2

In my laptop, if I type below

$ which vi
alias vi='vim'
    /usr/bin/vim

Now I want to change the vi alias to another bin, e.g. vim_wrapper a script created in /usr/bin/, I type this line:

alias vi="vim_wrapper"

in ~/.bashrc or /etc/bashrc, but take no effects. So How to change the default vi alias vi='vim' to vi='vim_wrapper'? Thanks for help!

3

Aliases added to bashrc don't take effect immediately. You have to restart your terminal session or logout and log back in.

To make the alias take effect immediately, run the alias line you added on a terminal as if it were a command or source your bashrc as Nitrodist explains in the first comment.

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  • Not quite the same thing. You have to source the file (instead of running it with ~/bashrc on its own), otherwise the changes will not be reflected in the terminal. So, either do . ~/.bashrc or source ~/.bashrc. – Nitrodist May 25 '11 at 17:40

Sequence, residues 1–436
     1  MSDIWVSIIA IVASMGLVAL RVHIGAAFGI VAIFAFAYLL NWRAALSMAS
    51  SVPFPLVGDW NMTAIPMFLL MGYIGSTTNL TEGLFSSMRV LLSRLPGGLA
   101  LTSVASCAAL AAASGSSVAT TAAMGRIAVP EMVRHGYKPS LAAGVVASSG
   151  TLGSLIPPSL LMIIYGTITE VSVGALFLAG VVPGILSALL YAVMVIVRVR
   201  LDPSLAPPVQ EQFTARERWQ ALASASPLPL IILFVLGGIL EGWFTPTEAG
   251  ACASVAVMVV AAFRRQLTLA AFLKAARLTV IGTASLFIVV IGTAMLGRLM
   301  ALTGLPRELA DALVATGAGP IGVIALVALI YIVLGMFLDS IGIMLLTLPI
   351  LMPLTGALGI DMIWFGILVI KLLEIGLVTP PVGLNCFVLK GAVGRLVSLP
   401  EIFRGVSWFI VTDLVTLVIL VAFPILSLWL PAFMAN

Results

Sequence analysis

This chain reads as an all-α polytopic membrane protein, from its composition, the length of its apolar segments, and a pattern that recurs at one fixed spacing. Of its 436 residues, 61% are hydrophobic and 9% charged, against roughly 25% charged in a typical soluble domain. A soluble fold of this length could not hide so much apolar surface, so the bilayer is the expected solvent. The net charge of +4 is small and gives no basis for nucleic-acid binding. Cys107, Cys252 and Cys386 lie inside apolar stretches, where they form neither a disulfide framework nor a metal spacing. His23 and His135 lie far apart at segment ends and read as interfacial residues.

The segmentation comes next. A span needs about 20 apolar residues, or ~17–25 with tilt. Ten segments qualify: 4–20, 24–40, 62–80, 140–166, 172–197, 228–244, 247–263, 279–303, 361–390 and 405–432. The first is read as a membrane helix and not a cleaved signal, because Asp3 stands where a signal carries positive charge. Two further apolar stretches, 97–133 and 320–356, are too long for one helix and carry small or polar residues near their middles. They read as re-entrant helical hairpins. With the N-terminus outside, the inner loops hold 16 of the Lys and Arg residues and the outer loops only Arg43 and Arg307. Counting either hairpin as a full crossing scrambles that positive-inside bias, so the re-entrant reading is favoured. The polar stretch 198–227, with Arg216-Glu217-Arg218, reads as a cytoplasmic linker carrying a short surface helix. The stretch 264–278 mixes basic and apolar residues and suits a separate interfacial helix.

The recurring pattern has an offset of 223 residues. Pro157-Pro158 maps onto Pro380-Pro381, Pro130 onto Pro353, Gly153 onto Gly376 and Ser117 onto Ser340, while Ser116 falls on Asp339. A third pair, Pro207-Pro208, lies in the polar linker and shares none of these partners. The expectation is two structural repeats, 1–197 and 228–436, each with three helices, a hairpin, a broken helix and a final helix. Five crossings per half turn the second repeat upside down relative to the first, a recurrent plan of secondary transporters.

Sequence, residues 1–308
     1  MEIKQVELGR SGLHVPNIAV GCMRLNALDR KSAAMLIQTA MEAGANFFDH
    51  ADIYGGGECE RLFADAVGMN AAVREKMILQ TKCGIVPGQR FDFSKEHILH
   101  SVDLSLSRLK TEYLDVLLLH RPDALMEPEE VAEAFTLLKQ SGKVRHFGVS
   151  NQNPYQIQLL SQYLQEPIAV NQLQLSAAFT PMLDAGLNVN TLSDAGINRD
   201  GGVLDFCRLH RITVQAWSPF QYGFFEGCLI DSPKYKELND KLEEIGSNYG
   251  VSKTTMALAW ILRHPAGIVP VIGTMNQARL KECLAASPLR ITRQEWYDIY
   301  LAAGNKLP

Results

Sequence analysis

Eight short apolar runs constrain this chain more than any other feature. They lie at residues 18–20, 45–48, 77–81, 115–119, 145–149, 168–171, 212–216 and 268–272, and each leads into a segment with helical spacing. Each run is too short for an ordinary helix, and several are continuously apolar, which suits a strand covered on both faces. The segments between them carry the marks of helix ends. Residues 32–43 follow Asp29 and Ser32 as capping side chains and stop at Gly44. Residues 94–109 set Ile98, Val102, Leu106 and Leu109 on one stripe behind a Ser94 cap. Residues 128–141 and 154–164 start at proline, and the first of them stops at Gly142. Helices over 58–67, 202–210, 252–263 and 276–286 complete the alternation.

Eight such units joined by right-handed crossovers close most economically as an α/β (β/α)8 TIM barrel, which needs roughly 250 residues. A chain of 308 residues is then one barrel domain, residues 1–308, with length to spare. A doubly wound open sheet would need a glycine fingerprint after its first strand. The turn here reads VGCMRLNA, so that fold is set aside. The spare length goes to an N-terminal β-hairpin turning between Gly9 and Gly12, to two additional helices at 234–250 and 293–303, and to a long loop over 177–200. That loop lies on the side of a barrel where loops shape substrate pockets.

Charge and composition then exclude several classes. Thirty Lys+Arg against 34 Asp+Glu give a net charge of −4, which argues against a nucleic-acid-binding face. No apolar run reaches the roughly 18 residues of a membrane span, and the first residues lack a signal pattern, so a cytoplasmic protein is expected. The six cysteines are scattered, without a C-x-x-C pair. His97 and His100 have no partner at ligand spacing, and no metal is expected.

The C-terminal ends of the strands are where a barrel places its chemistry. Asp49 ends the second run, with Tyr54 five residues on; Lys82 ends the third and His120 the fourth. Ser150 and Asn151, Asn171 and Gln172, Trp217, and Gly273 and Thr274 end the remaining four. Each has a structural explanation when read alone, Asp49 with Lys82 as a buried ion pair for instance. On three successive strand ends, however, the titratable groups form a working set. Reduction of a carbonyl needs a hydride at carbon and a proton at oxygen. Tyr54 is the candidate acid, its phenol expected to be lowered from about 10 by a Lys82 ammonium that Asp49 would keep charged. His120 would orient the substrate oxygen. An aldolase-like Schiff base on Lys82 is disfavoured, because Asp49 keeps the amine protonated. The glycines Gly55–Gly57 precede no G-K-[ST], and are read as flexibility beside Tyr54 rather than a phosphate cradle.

• @Nitrodist: Out of curiosity, what is the difference? Obviously your method is better if you add more than one alias or make other changes, but for just adding one alias you'd think both methods would have the same effect. – Patches May 25 '11 at 17:48
  • just executing the file does not make those changes available in your terminal. If I export a variable in the .bashrc and I execute the script instead of sourcing it, then that exported variable disappears after the script finishes executing. See superuser.com/questions/176783/… stackoverflow.com/questions/1107808/… and stackoverflow.com/questions/1880735/… – Nitrodist May 25 '11 at 18:21
  • @Nitrodist: I meant run the alias command, but that wasn't very clear in my post. I've updated it. – Patches May 25 '11 at 19:05
1

You can try to modify the original vi alias set. Here's my grep result:

/etc/profile.d/vim.sh: alias vi >/dev/null 2>&1 || alias vi=vim
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